Moreover, by limiting staff turnover and providing additional resources to policymakers, expert lobbyists will have less importance in the policy drafting process. Drutman, an expert on lobbying who wrote a book on the subject, argues that business of lobbying can often be misunderstood. Rather than simply providing campaign donations to Congressmen in order to get their desired policies enacted into law, the role of a lobbyist is more about providing expert advice to Congress. If Congress had more expertise of its own, the need for help from lobbyists would decrease significantly, particularly on arcane issues that directly impact big businesses. In a Q&A with Melinda Henneberger, the Editor-in-Cheif of Roll Call, Drutman laid out the alternatives:
Look, policy is going to get written–do you want it to be written by lobbiests who mostly represent the biggest companies and the wealtheist industries who are not particularly interested in the general welfare. Or do you want it written by staffers who work for democratically accountable members.
A prime example might be the case of financial regulation, where in certain cases lobbyists are essentially writing some of the legislation used the regulation the interests they represent.
Finally, Drutman says that Congress needs to be reorganized in order to prevent the top-down influence of the party leadership. He proposes a new way to decentralize power in Congress by empowering committees and subcommittees. Doing so would create new space for dealmaking and new crosscutting coalitions based on policy goals rather than partisanship. It will also encourage participation from a much wider range of representatives who could bring new viewpoints.
Will it work?
The major policy proposals endorsed by Drutman will clearly change the current state of politics, but it’s still worth questioning whether they will meet his ambitious goals of reducing political polarization and inequality. It is impossible to say for sure whether these policies will solve all of our problems in terms of equity and representation, and Drutman himself concedes that reforms are needed in other areas of the political system, but these policies make those goals more approachable. The underlying objective in each of Drutman’s reform proposals is to increase what he calls “political dynamism,” or the ability of Congress to effectively respond to new challenges with policies that promote the public interest.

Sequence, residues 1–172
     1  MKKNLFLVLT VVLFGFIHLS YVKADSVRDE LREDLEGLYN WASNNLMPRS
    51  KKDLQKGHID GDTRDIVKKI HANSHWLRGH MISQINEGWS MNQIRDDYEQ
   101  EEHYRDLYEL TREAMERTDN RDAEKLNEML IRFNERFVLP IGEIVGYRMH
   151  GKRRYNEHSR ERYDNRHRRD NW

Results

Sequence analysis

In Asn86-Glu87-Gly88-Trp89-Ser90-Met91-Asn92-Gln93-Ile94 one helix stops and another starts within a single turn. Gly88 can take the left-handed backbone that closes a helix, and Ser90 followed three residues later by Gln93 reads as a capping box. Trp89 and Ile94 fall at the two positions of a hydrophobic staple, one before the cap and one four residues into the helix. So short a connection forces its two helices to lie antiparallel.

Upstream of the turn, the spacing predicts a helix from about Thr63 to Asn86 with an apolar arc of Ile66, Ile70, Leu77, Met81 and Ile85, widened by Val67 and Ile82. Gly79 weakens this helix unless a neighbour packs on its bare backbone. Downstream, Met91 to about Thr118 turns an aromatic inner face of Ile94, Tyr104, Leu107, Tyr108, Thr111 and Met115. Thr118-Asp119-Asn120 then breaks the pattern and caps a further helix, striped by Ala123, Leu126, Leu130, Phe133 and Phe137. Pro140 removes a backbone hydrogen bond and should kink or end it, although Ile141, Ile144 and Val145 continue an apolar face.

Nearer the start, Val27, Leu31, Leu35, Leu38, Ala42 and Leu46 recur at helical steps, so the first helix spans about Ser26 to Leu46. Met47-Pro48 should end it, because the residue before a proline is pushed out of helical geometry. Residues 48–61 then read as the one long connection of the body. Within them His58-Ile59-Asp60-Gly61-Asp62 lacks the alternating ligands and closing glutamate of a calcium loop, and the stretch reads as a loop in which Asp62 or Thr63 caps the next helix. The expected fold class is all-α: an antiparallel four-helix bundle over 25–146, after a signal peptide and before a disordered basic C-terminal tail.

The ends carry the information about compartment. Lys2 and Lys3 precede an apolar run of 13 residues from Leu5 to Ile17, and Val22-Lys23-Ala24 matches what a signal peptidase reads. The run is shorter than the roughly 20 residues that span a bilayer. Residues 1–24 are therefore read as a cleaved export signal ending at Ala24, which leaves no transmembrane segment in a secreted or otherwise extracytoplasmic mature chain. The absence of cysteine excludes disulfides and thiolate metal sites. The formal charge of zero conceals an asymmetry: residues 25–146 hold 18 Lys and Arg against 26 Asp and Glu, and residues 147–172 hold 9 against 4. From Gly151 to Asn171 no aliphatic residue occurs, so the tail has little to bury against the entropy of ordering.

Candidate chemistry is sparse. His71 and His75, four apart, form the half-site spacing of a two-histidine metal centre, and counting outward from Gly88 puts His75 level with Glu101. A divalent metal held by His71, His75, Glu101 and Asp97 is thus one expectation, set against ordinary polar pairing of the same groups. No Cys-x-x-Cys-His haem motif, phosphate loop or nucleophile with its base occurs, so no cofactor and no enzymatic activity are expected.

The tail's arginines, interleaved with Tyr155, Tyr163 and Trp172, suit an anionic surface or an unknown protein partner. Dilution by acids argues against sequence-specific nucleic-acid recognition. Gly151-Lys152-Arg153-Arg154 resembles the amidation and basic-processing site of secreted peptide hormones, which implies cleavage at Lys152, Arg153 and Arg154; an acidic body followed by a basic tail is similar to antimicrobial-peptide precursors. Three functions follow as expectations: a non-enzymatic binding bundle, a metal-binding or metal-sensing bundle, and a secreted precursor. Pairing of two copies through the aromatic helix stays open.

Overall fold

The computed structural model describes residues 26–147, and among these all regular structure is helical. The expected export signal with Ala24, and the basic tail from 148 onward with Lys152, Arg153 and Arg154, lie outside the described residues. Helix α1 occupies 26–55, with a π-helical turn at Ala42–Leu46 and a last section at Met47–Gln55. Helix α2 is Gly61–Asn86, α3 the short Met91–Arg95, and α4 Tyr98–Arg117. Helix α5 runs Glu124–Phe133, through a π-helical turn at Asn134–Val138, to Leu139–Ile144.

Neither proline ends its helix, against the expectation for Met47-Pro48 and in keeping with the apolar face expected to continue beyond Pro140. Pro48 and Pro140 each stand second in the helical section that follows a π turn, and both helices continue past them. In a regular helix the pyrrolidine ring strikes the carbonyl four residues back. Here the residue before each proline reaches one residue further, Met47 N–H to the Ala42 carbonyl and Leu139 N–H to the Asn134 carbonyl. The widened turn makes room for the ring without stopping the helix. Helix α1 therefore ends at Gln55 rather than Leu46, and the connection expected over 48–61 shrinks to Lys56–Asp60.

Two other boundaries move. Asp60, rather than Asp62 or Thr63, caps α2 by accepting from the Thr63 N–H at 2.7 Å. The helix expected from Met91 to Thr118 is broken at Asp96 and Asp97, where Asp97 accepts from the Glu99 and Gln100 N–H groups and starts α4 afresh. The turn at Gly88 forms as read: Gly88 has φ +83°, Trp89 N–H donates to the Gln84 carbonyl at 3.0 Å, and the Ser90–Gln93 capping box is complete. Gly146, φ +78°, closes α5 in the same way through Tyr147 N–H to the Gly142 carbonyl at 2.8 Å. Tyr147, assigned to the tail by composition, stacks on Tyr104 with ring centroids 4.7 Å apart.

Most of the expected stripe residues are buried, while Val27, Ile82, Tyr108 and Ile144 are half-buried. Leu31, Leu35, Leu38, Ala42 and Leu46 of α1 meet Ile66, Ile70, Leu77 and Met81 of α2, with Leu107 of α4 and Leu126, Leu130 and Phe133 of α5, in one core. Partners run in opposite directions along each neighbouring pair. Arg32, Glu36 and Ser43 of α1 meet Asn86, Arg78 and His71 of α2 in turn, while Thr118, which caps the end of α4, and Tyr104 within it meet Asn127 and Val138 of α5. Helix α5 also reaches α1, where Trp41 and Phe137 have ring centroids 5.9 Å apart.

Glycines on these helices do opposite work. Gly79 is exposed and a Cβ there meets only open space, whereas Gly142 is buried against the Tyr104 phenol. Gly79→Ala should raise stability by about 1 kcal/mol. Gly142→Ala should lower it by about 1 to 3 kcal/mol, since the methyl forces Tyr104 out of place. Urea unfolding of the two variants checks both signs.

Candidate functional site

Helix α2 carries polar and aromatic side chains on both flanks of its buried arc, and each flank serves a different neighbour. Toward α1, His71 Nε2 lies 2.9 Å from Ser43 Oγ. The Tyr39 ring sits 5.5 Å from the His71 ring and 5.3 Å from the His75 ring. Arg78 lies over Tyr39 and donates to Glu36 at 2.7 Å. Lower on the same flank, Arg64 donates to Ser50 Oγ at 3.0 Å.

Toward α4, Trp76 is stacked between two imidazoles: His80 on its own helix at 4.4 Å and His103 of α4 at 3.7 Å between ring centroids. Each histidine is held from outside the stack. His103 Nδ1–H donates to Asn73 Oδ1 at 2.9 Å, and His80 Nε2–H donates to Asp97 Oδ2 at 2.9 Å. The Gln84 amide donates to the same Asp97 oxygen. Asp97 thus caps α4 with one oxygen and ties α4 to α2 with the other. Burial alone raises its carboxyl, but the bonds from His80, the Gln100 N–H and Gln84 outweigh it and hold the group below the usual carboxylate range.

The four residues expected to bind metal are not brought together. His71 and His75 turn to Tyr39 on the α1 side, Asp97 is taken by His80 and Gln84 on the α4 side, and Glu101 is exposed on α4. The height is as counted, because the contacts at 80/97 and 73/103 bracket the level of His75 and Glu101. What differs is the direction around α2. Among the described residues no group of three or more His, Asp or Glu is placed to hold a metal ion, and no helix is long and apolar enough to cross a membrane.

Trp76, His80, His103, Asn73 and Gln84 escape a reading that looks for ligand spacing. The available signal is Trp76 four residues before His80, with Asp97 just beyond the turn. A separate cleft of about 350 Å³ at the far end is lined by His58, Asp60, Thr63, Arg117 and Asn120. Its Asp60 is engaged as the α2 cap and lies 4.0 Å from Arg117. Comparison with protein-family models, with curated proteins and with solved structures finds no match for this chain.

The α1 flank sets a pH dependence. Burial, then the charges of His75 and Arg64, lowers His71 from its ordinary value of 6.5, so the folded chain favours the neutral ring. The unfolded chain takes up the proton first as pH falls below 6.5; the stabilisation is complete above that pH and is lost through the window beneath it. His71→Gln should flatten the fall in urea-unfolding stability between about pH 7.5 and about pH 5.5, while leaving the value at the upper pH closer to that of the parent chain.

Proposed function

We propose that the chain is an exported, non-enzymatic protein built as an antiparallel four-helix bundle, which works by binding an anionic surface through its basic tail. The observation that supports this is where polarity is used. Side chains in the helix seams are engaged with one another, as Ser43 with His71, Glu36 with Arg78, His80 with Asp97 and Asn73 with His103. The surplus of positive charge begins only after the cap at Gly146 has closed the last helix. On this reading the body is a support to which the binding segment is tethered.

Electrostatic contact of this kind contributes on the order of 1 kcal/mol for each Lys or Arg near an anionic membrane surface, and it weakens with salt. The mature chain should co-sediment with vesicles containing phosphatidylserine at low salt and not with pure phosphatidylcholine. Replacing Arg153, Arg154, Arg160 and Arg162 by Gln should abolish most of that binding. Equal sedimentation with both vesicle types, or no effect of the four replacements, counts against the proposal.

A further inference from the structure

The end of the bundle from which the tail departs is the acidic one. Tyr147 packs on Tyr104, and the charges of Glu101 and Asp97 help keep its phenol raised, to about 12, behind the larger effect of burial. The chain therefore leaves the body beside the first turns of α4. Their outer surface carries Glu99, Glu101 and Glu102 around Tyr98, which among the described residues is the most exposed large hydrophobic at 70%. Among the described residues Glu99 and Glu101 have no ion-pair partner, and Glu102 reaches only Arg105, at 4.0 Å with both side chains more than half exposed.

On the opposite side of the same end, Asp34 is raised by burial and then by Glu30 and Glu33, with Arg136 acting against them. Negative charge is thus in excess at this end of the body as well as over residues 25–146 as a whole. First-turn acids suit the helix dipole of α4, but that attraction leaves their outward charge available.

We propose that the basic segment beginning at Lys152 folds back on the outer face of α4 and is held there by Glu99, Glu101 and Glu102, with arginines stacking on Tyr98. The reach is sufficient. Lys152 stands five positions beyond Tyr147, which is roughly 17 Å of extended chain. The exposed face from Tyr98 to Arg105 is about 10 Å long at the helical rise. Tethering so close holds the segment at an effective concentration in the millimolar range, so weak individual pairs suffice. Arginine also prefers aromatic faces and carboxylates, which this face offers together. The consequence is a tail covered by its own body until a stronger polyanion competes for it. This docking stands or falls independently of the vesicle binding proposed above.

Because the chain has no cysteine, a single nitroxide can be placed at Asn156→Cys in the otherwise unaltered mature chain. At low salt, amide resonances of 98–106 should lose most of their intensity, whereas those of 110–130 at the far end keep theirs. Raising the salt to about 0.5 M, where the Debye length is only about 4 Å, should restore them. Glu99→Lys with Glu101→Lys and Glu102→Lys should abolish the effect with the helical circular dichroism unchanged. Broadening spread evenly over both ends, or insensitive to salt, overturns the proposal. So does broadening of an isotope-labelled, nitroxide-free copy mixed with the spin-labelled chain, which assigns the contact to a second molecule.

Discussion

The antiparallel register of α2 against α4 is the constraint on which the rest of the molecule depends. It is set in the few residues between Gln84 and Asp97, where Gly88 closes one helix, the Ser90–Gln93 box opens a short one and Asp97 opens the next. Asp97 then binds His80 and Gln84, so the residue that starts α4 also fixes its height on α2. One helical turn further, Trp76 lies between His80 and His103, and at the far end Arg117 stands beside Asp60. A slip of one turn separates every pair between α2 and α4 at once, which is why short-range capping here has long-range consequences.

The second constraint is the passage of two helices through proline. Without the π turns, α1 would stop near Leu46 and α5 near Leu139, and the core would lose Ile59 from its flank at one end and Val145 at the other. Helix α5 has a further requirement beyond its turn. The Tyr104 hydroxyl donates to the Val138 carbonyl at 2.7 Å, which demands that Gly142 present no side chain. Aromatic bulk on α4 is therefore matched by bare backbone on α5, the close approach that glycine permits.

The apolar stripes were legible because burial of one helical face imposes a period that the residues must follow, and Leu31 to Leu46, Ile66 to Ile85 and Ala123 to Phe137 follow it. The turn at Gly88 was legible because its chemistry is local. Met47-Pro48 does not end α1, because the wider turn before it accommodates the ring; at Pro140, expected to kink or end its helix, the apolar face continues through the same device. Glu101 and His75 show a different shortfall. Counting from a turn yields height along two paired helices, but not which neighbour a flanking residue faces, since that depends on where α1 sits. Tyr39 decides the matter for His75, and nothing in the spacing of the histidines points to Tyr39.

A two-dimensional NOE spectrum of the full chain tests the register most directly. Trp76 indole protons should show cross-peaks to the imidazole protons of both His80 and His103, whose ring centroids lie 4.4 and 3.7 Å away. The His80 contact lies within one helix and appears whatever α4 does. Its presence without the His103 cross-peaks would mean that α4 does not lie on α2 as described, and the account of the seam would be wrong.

Rather than espousing a utopian vision of politics or a narrowly tailored set of policy goals to restrict the outside influence, Drutman wants to realign policymaking to support common goals. He seeks to make government more accountable to each and every citizen while ensuring that Congress has the necessary expertise to govern effectively. So yes, it’s fair to question whether this will fix everything, but if the status quo is the alternative, taking steps to bring experts and the public into the policy process is certainly a laudable goal.